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The BBC's Catherine Marston
"West Midlands Police say they will continue to look into Smith's past"
 real 56k

The BBC's David Harrison
"This afternoon Philip Smith is on his way to begin a life behind bars"
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Wednesday, 18 July, 2001, 16:01 GMT 17:01 UK
Inquiry into triple killer's past
Jodie Hyde, Rosemary Corcoran and Carol Jordan
Jodie Hyde, Rosemary Corcoran and Carol Jordan
Police are investigating the possibility that a man jailed for life for murdering three women could be linked to unsolved killings.

Philip Smith, 35, bludgeoned the women to death in Birmingham in the space of four days last November.

Midway through giving evidence during his trial at Leicester Crown Court, Smith changed his plea to guilty.

Relatives of the three dead women - 21-year-old Jodie Hyde, Rosemary Corcoran, 25, and mother-of-six Carol Jordan - say they hope he is never released from prison.

We are all hoping that Philip Smith will never - and I mean never - be allowed into the outside world ever again

James Taylor, victim's brother
After Smith, a 22-stone former fairground worker, was jailed, West Midlands Police Chief Superintendent Ellie Baker said: "Philip Smith is already a triple killer and we would be wrong to leave it at that, we need to search further."

Investigations will go back 20 years across several forces but at present, detectives say he is not being positively linked with any unsolved crimes.

Police are unsure of a motive for the killings but believe lack of permanent sexual relationships may have been a factor.

Smith, from Braithwaite Road, Sparkbrook, had no previous convictions for violence.

Philip Smith
Philip Smith: Brutal killer
Sentencing him to life imprisonment, Mrs Justice Rafferty said: "You robbed three innocent ladies of their lives.

"I suspect that their families will suffer the more as they simply don't understand why you did.

"The brutality of these ladies' deaths, designed by you to evade discovery, showing the coldness with which you dispatched them, is appalling.

"You should clearly have faced up like a man at the overwhelming nature of the Crown's case against you but you chose to put the victims' families through misery which you compounded by this trial."

Body hidden

The unexplained killing spree started on 9 November when two patrolling police officers found the smouldering body of recovering butane gas addict Jodie Hyde.

She was barely recognisable and her body had been hidden near a recreation ground off Golden Hillock Road in the Sparkbrook area of Birmingham.

Rainbow Pub, Digbeth
Smith's regular pub in Birmingham
A post-mortem examination, which identified her by fingerprints, showed she had been strangled before being rolled up in a carpet and set on fire.

Hours later, he killed Rosemary Corcoran, whose battered body was found in a wooded lane by a pub landlord off the A38 near Droitwich Spa.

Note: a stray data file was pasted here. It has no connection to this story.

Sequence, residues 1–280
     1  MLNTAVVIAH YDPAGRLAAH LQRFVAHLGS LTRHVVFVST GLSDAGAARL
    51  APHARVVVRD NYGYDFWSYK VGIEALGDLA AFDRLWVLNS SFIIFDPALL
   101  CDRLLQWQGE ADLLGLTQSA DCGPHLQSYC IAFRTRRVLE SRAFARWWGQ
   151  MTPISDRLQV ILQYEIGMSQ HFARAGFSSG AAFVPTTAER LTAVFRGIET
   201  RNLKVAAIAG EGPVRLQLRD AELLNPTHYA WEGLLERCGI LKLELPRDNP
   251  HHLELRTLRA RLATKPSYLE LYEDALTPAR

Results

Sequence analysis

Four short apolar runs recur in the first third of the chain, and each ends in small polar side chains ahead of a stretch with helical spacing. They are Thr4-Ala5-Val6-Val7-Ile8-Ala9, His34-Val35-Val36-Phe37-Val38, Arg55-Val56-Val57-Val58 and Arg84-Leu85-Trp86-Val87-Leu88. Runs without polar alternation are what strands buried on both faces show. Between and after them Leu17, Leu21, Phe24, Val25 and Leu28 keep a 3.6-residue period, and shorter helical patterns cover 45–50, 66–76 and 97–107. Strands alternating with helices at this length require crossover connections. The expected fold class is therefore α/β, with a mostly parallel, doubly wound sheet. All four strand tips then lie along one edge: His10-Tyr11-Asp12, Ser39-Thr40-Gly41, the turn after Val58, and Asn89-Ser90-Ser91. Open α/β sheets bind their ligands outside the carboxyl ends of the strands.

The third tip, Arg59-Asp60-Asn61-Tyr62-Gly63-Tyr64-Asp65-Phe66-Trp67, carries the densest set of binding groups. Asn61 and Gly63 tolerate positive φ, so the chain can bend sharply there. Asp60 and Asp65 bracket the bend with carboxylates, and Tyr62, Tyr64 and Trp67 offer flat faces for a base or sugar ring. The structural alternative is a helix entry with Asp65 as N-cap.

He had befriended both women in The Rainbow pub in the Digbeth area of Birmingham, where he found casual work and operated as an unlicensed taxi driver for customers.

He knocked over his third victim, Carol Jordan, with his car as she walked to work at a care home.

Smith then beat her so severely that she had to be identified from dental records.

'Devastation and heartache'

Rachel Brand QC, defending, told the judge that Smith had indicated to her on Tuesday that he wanted to change his plea and on Wednesday that he wanted the charges read to him again.

As the clerk of the court did so, he answered "guilty" to each charge, prompting tears from some of the relatives of victims, in the public gallery.

James Taylor, Carol Jordan's brother, said afterwards: "The devastation and the heartache that Philip Smith has caused will never fade.

Forensic Science Service laboratory in Birmingham
Smith was trapped by the evidence
"The last eight months have been a nightmare for all of us, especially Carol's husband and children.

"The past is now over but not forgotten.

"We are all hoping that Philip Smith will never - and I mean never - be allowed into the outside world ever again."

Experts from the Forensic Science Service in Birmingham analysed masses of evidence which led to Smith.

The team was headed by Martin Whittaker, who worked closely with detectives from West Mercia Police and their counterparts at the neighbouring West Midlands force.

The investigation to catch Smith involved more than 100 detectives and 50 support staff from West Mercia and West Midlands Police.

Codenamed Operation Green, it was led by the Chief Constable of West Midlands Police Sir Edward Crew.

He said: "I would like to record my thanks to all those involved in this inquiry and hope that its success in putting an evil and dangerous man behind bars for life will bring some comfort to the victims' families."

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